Can't Get It Outta My Head

 

 

 

 

 

 

 

                A Baby Boomer

 

       Muses on The Music

A Hall Pass

Yes, I know I’ve written the Rock and Roll Hall of Fame twice in recent months. But I promise this will be the last time — until the next round of nominations, anyway. The RRHF announced the 2018 inductees a couple weeks ago, and I will give some credit to the powers that be in Cleveland, and wherever else those who have the final say hang out. The 900 non-fan voters — music writers, industry professionals, Hall of Fame members, etc. — corrected some glaring, if not smack-your-forehead, mistakes cast by the hoi polloi. They also introduced one head-scratcher, but we’ll get to that in a moment. To refresh your memory, the Hall nominated the following 18 acts and artists for consideration for

The Other Day The Music Died?

Feb. 3, 1959 is often referred to, somewhat hyperbolically, as “The Day that Music Died.” Yes, we lost three major early rock and roll stars in a light plane crash; two of them, Buddy Holley and Ritchie Valens, likely would have developed into even more significant artists. But rock music lived on. No one ever calls Dec. 9, 1967, “The Day that Soul Music Died.” But 50 years ago last weekend, rhythm and blues, rock, soul and popular music in general lost an immense talent who was just hitting his stride. That late fall afternoon, a twin-engined private plane owned by Otis Redding crashed into Lake Monona in Madison, Wis. Redding and his band, the Bar-Kays, were en route from Cleveland, Ohio,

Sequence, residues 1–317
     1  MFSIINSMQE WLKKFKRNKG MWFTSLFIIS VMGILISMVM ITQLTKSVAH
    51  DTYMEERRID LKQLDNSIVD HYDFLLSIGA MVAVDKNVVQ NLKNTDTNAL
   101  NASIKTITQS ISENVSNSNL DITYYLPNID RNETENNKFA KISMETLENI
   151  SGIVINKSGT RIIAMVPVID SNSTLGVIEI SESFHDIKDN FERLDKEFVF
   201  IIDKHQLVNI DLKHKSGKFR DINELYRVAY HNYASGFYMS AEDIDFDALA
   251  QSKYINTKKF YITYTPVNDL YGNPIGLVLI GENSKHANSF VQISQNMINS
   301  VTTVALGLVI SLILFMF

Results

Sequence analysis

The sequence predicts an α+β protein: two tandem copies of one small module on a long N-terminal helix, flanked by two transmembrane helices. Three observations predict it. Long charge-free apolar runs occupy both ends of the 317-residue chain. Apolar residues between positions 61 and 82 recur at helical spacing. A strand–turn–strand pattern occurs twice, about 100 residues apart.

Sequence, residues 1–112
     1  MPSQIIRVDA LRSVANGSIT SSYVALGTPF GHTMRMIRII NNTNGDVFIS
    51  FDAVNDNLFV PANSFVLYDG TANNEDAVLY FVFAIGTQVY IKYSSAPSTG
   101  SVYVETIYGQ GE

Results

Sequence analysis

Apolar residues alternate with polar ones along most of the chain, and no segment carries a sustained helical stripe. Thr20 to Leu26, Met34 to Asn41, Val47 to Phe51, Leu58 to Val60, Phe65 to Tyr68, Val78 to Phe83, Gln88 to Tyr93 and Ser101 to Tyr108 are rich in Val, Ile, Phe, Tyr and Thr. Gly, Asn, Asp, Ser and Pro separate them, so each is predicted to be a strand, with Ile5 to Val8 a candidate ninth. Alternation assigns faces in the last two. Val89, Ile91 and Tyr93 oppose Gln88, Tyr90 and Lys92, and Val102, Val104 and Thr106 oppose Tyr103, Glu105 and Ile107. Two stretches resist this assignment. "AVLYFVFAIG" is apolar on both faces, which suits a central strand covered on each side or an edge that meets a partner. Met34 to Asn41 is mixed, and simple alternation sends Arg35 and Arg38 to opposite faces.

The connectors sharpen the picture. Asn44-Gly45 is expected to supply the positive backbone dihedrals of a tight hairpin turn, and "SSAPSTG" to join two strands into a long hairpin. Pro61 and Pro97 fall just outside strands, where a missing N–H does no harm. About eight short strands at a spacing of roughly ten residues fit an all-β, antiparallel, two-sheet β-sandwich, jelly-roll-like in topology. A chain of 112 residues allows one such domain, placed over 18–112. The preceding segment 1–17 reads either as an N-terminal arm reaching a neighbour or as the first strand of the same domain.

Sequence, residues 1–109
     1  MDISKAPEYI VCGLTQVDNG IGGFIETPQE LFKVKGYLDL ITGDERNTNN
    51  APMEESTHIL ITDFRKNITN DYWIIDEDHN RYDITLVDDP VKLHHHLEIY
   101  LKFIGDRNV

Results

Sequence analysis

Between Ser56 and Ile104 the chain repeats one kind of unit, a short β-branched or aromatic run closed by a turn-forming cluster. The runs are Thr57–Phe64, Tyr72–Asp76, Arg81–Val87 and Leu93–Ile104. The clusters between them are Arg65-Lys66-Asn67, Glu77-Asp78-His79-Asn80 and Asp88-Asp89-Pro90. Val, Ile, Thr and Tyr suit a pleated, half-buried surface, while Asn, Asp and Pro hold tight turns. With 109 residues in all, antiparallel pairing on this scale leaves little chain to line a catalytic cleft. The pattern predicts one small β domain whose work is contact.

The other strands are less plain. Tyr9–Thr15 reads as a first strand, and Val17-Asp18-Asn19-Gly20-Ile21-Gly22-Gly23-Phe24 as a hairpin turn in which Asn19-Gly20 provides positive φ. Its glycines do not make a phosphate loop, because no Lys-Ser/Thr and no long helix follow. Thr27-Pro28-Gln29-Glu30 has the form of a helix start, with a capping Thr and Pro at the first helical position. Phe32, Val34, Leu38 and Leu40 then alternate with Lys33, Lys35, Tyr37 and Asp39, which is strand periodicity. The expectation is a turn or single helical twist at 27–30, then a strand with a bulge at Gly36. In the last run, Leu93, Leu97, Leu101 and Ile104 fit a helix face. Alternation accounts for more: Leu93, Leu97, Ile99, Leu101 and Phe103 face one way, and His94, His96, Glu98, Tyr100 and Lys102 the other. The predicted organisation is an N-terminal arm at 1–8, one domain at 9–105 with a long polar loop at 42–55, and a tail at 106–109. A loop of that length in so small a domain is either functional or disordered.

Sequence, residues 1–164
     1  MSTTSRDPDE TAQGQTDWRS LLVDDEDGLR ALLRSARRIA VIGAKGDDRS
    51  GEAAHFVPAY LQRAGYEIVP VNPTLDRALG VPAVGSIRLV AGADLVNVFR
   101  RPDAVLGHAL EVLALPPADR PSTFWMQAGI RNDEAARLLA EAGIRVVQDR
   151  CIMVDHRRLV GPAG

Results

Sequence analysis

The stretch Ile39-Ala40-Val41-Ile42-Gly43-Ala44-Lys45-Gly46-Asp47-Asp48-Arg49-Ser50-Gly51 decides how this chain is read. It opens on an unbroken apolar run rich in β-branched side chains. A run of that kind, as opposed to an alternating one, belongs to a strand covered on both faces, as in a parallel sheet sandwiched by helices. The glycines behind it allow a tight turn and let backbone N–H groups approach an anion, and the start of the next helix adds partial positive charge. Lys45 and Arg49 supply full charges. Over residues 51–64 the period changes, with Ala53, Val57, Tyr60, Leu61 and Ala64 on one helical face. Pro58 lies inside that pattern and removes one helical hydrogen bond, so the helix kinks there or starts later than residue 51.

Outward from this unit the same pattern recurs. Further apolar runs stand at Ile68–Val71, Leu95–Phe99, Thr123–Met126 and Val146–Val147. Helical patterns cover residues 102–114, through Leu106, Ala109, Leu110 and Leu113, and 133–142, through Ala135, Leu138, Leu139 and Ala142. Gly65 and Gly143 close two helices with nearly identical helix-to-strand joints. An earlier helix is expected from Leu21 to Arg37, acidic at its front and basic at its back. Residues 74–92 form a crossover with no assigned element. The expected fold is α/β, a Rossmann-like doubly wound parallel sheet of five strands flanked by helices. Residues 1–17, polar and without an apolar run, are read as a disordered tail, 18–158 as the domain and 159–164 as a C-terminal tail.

Vote the Rock, Deck the Hall

Somebody give me one of those “I Voted!” stickers. No, it’s not a political election year, at least not in my neck of the woods — I voted on the Rock and Roll Hall of Fame nomination ballot, for the first time. Not that it will do much of any good, looking at the current “standings.” (Warning — you have to vote to see the totals, apparently.) I blogged about this year’s proposed inductees, and the RRHF induction process, on Oct. 19, after the 2018 nominees were announced. I still think the process is flawed, and its premise is faulty, but I decided to put up or shut up. My ballot contained four of the five acts that I said six weeks ago that I would vote for: Link Wray, the Moody Blues, Sist

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